Difference between ‘super’ and ‘superb’ in English

by Jakub Marian

Tip: See my list of the Most Common Mistakes in English. It will teach you how to avoid mis­takes with com­mas, pre­pos­i­tions, ir­reg­u­lar verbs, and much more (PDF Version).

Both “super” and “superb” are common, but they are not completely interchangeable. Super is used nowadays mostly as an adverb meaning “very, really”, for example:

The food was super delicious. = The food was really delicious.
She was super friendly. = She was very friendly.

Nevertheless, such usage is considered colloquial and should be avoided in formal writing. As an adjective, “super” is an informal way of saying “extremely good”:

We had a super time. = We had a really good time.

However, “super” in this sense is falling out of use and may be considered old-fashioned, so, if you are a non-native speaker, you can safely avoid it.

Superb, on the other hand, means “excellent, outstanding”. It is not informal at all; on the contrary, it is mostly used in formal contexts:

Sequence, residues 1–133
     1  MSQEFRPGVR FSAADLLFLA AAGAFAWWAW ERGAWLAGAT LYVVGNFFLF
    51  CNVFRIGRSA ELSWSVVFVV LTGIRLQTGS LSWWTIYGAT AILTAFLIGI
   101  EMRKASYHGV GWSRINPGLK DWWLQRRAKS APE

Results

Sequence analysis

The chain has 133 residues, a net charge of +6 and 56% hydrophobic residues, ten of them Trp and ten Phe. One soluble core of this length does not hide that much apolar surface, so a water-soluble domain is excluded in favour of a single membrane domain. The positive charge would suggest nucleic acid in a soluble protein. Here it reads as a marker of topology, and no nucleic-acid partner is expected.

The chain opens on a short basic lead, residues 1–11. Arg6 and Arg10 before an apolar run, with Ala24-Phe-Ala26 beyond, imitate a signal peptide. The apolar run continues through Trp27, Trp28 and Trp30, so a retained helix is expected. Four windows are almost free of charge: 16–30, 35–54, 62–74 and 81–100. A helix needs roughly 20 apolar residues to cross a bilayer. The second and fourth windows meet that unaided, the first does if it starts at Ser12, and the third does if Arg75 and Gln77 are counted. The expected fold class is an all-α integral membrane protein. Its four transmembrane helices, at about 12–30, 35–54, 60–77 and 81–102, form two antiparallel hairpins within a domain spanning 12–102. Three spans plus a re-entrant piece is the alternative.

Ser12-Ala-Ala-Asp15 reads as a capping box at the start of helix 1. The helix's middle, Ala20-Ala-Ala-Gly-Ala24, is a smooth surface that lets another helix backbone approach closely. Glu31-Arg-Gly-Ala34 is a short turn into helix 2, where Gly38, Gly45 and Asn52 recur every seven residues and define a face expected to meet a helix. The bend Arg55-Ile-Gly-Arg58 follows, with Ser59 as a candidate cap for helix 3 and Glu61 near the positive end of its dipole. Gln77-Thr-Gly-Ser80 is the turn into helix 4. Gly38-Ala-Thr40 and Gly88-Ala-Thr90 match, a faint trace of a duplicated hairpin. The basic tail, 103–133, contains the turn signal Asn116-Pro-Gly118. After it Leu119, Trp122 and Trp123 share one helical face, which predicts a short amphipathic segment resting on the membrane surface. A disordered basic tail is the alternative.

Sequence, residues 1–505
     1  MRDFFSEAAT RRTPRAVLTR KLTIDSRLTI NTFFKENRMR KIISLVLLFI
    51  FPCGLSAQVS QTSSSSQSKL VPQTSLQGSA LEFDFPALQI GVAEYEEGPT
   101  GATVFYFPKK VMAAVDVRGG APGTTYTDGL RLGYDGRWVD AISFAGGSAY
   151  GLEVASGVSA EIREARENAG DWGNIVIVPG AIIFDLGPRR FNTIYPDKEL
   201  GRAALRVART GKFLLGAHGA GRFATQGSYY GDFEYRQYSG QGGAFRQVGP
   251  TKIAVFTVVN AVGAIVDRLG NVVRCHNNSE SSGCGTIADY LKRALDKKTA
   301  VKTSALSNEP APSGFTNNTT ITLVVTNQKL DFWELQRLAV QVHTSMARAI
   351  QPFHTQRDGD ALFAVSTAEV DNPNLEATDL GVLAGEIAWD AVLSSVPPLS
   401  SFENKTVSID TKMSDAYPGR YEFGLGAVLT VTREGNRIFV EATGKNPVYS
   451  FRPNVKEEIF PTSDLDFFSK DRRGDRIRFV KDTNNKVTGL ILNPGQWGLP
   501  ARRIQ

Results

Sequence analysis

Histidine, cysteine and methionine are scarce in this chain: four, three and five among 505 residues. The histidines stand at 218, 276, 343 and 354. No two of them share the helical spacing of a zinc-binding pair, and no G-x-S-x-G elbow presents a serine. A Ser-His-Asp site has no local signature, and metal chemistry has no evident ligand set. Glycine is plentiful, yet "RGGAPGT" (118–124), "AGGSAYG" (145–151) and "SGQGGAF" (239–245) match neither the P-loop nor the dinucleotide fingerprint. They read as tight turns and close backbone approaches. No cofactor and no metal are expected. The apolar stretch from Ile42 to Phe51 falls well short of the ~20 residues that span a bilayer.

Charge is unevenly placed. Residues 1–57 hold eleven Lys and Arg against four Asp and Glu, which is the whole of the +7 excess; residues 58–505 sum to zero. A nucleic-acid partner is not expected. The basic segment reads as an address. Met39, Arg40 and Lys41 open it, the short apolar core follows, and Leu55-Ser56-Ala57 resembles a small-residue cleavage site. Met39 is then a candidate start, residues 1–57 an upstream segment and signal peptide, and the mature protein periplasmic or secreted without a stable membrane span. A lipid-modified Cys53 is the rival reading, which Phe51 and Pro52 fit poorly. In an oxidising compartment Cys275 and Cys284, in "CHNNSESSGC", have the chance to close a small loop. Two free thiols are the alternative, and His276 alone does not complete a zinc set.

The wine was superb! = The wine was excellent!
The singer amazed us with a superb performance. = The singer amazed us with an outstanding performance.

Also note the difference in pronunciation (“super” is stressed on the first syllable, “superb” on the second):

super US: /ˈsuːpɚ/; UK: /ˈsuːpə/ or /ˈsjuːpə/
superb US: /suˈpɝːb/ or /səˈpɝːb/; UK: /suːˈpɜːb/ or /sjuːˈpɜːb/

By the way, if you haven’t read my guide on how to avoid the most common mistakes in English, make sure to check it out; it deals with similar topics.

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